Aztec Camera, High Land, Hard Rain (1983): Fans of early 80's Brit-pop like Culture Club and Haircut 100 will enjoy Aztec Camera. Singer/guitarist/songwriter Roddy Frame was the main creative force behind the Scottish-based group that enjoyed a run of British success in the mid-80's. High Land, Hard Rain was the group's debut; a collection of pleasant enough guitar-pop that lacks punch, and Frame isn't a strong enough singer to put the songs across. Apart from an acoustic cover of Van Halen's "Jump", the single "Oblivious" was the only Aztec Camera track to get much attention in the US. "Oblivious" was an MTV hit of sorts, and may bring back memories for some of you 80's heads:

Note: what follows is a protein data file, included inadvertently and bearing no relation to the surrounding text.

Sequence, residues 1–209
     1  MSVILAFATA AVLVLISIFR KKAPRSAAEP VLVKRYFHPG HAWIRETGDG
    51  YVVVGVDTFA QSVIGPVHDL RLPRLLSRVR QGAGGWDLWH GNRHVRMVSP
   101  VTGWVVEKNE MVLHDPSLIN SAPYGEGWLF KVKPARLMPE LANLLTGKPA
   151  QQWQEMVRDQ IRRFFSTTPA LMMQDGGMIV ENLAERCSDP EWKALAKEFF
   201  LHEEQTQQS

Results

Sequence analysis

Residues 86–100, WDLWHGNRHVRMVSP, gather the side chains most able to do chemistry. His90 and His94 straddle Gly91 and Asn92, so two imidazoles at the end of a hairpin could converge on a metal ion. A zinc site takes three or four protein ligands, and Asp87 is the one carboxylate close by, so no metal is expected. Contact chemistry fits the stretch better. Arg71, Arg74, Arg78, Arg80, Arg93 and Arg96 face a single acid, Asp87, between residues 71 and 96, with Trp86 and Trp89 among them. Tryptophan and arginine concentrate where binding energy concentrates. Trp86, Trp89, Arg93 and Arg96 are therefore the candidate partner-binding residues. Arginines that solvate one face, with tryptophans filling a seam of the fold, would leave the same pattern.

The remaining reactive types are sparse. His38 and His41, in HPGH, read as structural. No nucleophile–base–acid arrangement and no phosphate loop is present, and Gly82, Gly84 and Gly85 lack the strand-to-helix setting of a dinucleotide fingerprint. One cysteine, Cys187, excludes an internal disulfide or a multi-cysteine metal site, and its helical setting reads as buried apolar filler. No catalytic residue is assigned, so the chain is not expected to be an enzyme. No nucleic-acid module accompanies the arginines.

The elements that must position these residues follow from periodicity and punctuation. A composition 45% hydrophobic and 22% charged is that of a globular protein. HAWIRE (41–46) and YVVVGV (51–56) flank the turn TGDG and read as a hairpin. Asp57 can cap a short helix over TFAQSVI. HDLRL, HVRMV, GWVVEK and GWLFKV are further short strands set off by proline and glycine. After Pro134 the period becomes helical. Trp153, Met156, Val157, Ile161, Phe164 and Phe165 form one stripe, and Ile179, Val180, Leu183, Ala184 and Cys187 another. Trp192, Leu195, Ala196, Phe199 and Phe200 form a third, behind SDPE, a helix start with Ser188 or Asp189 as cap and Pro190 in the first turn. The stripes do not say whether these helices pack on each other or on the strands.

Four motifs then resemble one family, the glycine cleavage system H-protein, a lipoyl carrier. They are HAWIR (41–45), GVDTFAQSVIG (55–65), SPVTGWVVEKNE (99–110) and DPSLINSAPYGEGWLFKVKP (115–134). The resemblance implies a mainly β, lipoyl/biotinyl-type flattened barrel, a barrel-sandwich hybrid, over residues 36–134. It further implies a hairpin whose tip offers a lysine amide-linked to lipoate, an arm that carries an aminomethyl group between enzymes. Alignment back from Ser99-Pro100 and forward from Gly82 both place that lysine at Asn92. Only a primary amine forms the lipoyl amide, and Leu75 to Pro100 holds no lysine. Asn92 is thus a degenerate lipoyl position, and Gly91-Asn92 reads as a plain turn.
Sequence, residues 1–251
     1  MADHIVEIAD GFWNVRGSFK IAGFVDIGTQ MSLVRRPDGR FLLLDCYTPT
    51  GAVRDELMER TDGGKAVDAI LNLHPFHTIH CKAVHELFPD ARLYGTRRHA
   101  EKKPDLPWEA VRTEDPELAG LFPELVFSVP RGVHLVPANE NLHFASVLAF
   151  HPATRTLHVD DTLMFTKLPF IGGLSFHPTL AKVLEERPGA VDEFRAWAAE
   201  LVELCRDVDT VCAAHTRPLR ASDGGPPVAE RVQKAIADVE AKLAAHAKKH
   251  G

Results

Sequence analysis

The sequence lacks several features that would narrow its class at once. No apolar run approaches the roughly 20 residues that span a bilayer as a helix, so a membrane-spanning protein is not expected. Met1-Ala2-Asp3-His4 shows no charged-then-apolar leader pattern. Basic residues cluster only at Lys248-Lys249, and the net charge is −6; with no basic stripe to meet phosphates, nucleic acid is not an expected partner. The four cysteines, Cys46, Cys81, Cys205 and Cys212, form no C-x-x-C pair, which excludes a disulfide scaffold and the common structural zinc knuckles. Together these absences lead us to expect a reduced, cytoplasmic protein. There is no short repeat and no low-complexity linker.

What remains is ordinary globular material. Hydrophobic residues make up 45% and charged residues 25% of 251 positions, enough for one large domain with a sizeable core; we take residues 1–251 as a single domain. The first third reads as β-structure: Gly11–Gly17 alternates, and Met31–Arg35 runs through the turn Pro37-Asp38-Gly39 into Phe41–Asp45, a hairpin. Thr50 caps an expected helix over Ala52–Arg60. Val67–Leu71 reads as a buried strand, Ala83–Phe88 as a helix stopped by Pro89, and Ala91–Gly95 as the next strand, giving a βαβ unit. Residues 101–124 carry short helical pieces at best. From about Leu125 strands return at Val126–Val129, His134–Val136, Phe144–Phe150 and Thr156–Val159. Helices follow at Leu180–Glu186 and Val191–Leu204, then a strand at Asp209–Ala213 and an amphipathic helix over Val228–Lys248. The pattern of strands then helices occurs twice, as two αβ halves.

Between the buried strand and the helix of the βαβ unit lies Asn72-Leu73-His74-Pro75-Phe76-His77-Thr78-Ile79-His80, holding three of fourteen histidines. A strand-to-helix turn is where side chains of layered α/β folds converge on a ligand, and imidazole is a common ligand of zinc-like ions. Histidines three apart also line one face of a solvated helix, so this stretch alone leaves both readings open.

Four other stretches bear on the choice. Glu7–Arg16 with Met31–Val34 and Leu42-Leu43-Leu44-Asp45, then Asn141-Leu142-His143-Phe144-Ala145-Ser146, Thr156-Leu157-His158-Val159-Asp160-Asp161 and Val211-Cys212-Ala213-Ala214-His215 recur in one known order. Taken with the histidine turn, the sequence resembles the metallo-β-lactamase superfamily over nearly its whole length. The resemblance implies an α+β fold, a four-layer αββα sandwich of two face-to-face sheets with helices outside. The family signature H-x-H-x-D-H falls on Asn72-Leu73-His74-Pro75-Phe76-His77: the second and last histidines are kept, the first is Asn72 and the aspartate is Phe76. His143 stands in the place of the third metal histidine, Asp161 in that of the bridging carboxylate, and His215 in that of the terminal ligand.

Shit, if I'd have known the A's were going to take five months, I would never have started this. The B's will probably take the rest of this year if I don't step it up...

Wednesday, May 14, 2008


Mo' filler fo' ya. Mrs. S. is unhappy with the color of the kitchen, for the second time in three years.

"Intellectually" Intelligent

You're 'Intellectually Intelligent.' That pretty much means that you're good with theoretical ideas and concepts - but this comes to you naturally. More or less, you're a natural brainiac. Good for you.

80% theoretical intelligence
60% natural intelligence

Take this quiz at

Now, if I were only smart enough to figure out the diagram...

Sunday, May 11, 2008

Mother's Day